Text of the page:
Hester’s water-colours, if she was the artist, include pictures of birds, butterflies and animals. This combination of fruit with its leaves and insects and other creatures often featured in still-life paintings and she may have painted them for her own pleasure or to decorate her home. But the paintings show signs of a good deal of handling, which led Juniper and Grootenboer to propose that they functioned as an illustrated catalogue, which the Tradescants showed to customers to tempt them to buy fruit trees. Yet, as the authors point out,  if this was their purpose the present collection of water colours must surely be incomplete, since it has very few paintings of the most popular tree fruits of the time – only one variety of apple and merely four of the pear. Furthermore, these paintings were made some time before, as far as I am aware, the first known example of an illustrated fruit list – the famous Furber’s Fruits published in 1732 by this Kensington Nurseryman to promote his stocks.

The nature and style of the paintings, Ralph and Juniper find, resembles another form of domestic art, that of embroidery and, particularly, the uniquely English ‘stump-work’ or embossed, raised work made by padding out the images. At this time, needlework was an appropriate occupation for girls and women in the home, who might create embroidered pictures, frames for mirrors and covers for boxes. To inspire and guide the embroiderer, pattern books were published and needlework kits sold. Flowers, fruits, leaves, tiny insects and animals, depicted with a simple almost folk-art quality, are among the motifs found in needlework of this period.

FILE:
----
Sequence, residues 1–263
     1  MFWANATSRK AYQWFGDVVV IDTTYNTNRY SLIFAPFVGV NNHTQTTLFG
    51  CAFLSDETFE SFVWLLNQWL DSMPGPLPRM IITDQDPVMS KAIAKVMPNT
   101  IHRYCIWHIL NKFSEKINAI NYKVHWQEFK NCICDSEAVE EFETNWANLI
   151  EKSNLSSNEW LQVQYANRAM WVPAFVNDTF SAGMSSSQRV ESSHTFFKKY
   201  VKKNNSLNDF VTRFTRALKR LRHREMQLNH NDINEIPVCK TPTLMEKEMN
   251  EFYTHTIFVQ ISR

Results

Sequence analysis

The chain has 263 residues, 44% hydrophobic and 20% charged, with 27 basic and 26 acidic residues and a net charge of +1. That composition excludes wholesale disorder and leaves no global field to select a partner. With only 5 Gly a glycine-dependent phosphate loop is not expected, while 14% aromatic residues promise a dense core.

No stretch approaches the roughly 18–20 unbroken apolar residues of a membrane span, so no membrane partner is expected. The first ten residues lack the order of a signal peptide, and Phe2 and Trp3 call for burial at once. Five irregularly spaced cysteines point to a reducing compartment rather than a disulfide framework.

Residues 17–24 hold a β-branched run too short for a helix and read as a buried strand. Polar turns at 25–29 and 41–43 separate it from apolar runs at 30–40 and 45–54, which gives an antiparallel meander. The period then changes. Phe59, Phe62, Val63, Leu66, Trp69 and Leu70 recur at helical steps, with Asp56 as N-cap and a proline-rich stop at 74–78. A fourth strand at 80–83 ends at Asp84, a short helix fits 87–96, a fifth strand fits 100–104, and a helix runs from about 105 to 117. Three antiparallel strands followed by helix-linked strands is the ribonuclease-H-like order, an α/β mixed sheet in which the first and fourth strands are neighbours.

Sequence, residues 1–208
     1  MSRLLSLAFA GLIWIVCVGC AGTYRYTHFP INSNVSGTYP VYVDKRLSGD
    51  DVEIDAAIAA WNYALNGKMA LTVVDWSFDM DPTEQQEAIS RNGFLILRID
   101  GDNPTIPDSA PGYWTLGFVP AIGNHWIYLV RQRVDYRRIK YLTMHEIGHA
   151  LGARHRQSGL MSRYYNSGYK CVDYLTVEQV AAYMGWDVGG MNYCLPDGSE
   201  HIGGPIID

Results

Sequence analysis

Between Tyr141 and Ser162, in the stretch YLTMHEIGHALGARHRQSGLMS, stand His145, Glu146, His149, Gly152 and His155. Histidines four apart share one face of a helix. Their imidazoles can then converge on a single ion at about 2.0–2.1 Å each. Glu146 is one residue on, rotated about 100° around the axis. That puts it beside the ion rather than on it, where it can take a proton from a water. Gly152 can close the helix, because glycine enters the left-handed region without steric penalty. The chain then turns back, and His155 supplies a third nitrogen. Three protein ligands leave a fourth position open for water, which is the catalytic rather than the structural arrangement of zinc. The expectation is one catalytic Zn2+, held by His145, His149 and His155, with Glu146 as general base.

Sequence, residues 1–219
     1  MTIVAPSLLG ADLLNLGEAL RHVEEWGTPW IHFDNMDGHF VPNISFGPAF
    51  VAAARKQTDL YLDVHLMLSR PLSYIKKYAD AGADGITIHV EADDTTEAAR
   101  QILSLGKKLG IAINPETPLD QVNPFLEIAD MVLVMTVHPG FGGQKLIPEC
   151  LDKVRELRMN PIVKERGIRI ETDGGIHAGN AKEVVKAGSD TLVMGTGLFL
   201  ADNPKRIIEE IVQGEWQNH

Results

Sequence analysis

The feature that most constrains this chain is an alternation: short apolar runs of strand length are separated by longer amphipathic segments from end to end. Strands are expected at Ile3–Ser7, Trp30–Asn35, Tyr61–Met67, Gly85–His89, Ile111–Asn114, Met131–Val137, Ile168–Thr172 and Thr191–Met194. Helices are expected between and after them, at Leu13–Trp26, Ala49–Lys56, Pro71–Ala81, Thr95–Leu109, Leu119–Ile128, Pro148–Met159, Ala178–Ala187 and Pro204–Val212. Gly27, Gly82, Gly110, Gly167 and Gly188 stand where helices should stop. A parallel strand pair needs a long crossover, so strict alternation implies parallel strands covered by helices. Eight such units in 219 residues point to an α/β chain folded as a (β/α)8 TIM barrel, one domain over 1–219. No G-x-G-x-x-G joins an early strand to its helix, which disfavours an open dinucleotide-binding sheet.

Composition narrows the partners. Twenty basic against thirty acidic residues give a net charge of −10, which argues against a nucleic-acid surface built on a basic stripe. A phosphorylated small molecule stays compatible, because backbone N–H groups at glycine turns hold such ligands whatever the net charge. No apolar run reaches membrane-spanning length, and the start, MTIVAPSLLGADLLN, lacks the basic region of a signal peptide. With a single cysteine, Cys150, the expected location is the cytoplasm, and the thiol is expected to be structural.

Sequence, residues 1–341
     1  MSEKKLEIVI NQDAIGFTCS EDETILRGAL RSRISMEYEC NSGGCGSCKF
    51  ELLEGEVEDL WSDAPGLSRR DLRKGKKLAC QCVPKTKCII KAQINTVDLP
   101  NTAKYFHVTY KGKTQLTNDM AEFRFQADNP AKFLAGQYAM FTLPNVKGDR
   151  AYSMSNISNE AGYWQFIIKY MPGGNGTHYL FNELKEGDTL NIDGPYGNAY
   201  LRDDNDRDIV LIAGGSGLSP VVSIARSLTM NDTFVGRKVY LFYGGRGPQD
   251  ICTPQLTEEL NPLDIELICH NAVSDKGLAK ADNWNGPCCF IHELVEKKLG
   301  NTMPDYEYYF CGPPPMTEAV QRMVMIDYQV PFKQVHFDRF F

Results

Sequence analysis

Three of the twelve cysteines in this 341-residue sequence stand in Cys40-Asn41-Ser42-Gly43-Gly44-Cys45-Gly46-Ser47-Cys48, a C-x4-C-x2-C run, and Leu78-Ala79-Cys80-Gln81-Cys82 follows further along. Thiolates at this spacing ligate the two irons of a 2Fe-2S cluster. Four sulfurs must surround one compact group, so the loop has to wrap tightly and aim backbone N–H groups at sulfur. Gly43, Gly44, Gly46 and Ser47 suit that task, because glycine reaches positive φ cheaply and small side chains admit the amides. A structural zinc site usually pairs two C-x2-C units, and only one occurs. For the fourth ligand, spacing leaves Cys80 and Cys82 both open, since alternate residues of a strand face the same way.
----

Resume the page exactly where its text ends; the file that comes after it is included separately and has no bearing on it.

Perhaps, these fruit water-colours were designs and templates for Hester’s embroidery. She may have copied the outlines of the design and transferred these to her material, often satin in stumpwork, and then used the colours of the painting to select the right silks to create her embroidered composition. One can image a plump peach or a luscious bunch of grapes with a curious little lizard alongside lending itself to an embossed needlework picture. Hester could have shared or lent her paintings to other ladies to copy. This might account for the marks of handling seen on the original paintings.  All we need now is some matching embroidery! Was there anything resembling an embroidered picture or trinket box among the objects that Ashmole gave to the Museum?

Joan Morgan

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English/French orchard prompt

English/French orchard prompt

If you have ever wished that you knew what that French term porte–greffe meant, or, for those on the other side of the Channel, the English word for rootstock then now there is an English/French ‘little dictionary’, to help you with many other words associated with growing fruit trees. It is small booklet, available free for the price of a stamped addressed envelope. Charming designed and a handy size, it was made as part of the ‘Orchards Without Borders’ project, to use on the cross Channel visits between a group in Sussex and one in Normandy. (Orchards without Borders is a project run by the Brighton & Hove Food Partnership; see our main web-site for an account of one of the recent expeditions). They have extra copies of the ‘little dictionary’ to give away – send a stamped self-addressed envelope (A5 size) to Anne-Marie Bur, Brighton & Hove Food Partnership, Brighthelm Centre, North Road, Brighton, BN1 1YD